Two final points (sorry for the long, long post).
The first comment (Israelis calls them "talk-backs") to Rav Cherlow's shiur came from someone who wrote that in his secular work environment (here in Israel), he at first would shake the hands of women so as not to embarrass them. To his shock, he was quickly identified as "Dati Lite". When he changed tactics and stopped shaking women's hands, his coworkers had no issues and the work environment did not suffer. So here in Israel, where everyone knows that there are people who won't shake hands, it might be much less of a problem not to shake hands with a member of the opposite sex. Rav Aviner really might have a point.
Yet, in the States, where most people are not Jewish and not familiar with halachah, the concern for embarrassment and also negative financial consequences is significant. I think back to my coworker of so long ago. I actually told him what I had heard, and he stopped giving women the "wet fish", which did help . Should a person meeting someone of the opposite sex at a job interview set out on the wrong foot from the get-go? Is that what halachah demands?
Rav Cherlow doesn't think so, and neither do I.

Thursday, November 11, 2010

Audio Shiur: Parshat Vayeitzei - Ya'akov's Faith in the Land of Israel

Audio Shiur:
Parshat Vayeitzei : Ya'akov's Faith in the Land of Israel
Every oath has two parts: an "if" and a "then", as in, "If" you do x, "then" I'll do y. After his fateful dream on Har Hamoriyah, Ya'akov makes an oath. Yet, the oath seems to present both textual and ideological challenges. After examining the problems with Ya'akov's oath, we discuss some possible solutions, and then analyze Ya'akov's oath from a very different, moving perspective, by analyzing a powerful piece from the introduction of Rav Teichtal to Eim Habanim Semeichah.

Click here to download the shiur, or here to navigate to the shiur on

Tuesday, November 9, 2010

The Best Pickup Line in Jewish History?

(From a set on Parshat Hashavua called Mei'otzareinu Hayashan. Great set with terrific nuggets like this. Highly recommended.) I share this in the spirit of Parshat Vayishlach, which focuses on the shidduch between Ya'akov and Lavan's daughters.

The philosopher Moses Mendelssohn was, as it was well known, a hunchback. Yet, his wife was unusually beautiful, in addition to the great wealth that she inherited from her father.
How did Mendelssohn arrive at such a shidduch?
In his youth, Mendelssohn served as a teacher in the house of Gugenheim, a wealthy, well-known Berliner. He liked Gugenheim's beautiful daughter, yet at first she was uninterested in him due to his deformity.
One day during a conversation he turned to her and said,
"Do you, my dear, believe in the concept of a divinely inspired mate?"
"Yes," she said, "I do believe that."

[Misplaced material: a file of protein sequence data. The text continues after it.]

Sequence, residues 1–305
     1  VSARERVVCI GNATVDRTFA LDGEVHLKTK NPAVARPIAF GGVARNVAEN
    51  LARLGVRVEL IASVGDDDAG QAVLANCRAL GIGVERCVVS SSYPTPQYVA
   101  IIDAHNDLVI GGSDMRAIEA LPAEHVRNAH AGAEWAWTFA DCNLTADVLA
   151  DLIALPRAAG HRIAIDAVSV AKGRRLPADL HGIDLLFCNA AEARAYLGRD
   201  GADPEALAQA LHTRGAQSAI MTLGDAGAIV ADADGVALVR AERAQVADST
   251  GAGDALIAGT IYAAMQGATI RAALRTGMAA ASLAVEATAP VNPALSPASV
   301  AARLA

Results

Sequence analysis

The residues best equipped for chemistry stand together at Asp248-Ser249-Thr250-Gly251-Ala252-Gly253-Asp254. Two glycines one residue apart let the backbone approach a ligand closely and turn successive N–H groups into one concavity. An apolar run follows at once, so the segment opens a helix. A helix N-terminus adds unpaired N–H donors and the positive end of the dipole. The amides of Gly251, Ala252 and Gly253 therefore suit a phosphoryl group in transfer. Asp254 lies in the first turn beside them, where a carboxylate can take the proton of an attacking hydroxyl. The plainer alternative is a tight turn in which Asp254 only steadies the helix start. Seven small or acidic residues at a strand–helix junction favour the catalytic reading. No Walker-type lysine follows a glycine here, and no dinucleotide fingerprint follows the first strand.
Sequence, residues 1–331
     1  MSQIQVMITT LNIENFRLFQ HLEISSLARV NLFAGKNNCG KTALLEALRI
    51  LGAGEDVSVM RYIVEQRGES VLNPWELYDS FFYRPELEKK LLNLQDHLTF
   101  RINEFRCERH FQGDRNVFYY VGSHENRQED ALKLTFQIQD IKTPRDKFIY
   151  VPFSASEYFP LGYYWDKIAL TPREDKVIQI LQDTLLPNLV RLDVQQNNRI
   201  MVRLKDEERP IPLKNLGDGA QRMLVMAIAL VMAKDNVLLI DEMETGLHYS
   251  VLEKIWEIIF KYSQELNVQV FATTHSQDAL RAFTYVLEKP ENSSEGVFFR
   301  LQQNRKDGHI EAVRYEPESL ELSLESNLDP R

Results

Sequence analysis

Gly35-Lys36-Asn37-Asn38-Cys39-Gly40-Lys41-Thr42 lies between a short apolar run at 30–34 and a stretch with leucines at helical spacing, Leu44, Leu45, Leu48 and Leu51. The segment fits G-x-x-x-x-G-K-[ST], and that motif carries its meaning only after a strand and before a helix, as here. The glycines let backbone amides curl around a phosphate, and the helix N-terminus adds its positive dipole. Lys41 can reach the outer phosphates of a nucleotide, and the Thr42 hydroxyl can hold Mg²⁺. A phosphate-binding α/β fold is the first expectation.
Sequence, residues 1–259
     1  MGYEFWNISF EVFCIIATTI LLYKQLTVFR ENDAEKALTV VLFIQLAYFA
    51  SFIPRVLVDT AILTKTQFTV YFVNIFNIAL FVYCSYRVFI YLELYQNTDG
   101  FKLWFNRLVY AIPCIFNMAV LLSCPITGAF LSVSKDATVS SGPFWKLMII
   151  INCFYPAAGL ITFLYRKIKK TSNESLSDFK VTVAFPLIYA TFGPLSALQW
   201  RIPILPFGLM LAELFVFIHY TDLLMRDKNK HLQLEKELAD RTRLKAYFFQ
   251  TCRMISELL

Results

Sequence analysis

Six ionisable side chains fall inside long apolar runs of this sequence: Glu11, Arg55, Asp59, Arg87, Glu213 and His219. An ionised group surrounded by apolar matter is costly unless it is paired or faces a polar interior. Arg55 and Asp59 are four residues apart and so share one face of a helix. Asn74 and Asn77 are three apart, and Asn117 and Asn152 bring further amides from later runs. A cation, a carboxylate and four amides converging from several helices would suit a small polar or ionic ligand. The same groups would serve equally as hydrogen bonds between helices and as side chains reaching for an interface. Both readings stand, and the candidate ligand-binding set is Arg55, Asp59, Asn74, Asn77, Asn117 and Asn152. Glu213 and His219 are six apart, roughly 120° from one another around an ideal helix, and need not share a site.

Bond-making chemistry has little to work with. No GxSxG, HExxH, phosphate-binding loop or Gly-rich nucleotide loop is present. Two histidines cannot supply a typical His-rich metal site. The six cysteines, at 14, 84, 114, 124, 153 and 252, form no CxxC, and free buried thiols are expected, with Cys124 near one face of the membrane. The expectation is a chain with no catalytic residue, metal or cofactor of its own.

"Well," said Mendelssohn, "Let me tell you a story."
Forty days before the birth of a child, our rabbis teach us, they announce in heaven, "The daughter of so-and-so will marry so-and-so!" When I heard the angel announce, "The daughter of Gugenheim will marry Moses Mendelssohn!", I grew curious about her, so I asked the angel, "What will my mate look like? Will she be beautiful?"
"No," the angel told me. "She'll be quite ugly, deformed. She'll be a hunchback."
When I heard this, it caused me great pain so I called the angel. "Go to the Creator and tell him that I'm willing to take her hump on my back, as long as my mate would be lovely, without any deformities..."
Mendelssohn's story touched the heart of Gugenheim's daughter, and she agreed to become his wife.

Monday, November 8, 2010

Living With Doubt

During Seudah Shlishit at the YU Kollel Shabbaton in which my family participated this past Shabbat, Rabbi Assaf Bednarsh, one of the Roshei Yeshiva made the following announcement to the Kollel: "Please make sure to finish eating bread by 4:42 to avoid the question of whether to bentch with ya'aleh v'yavo. If you finish eating bread before that time, then according to 99% of the poskim, you only need to say retezei during birkat hamazon."
(Just to explain the issue, when Rosh Chodesh falls on a Sunday, birkat hamazon for Shalosh Seudot presents a halachic conundrum. Normally, we have no problem extending Shabbat into Saturday night, and when one recites birkat hamazon after dark we nevertheless recite retzei as normal. Yet, when Rosh Chodesh falls on a Sunday, if you extend Shabbat, you run into Rosh Chodesh which raises the issue of what do with during birkat hamazon. Do you recite retzei only, as you normally would? But it's after dark, and Rosh Chodesh has already arrived. Ya'aleh V'yavo only? But you began the meal on Shabbat, and essentially it's a Shabbat meal. What about just saying both? That also makes little logical sense, as the two days don't chronologically overlap. Any way you slice it, it's a dicy halachic situation, hence Rabbi Bednarsh's sage advice: Avoid the situation by consuming your bread early.)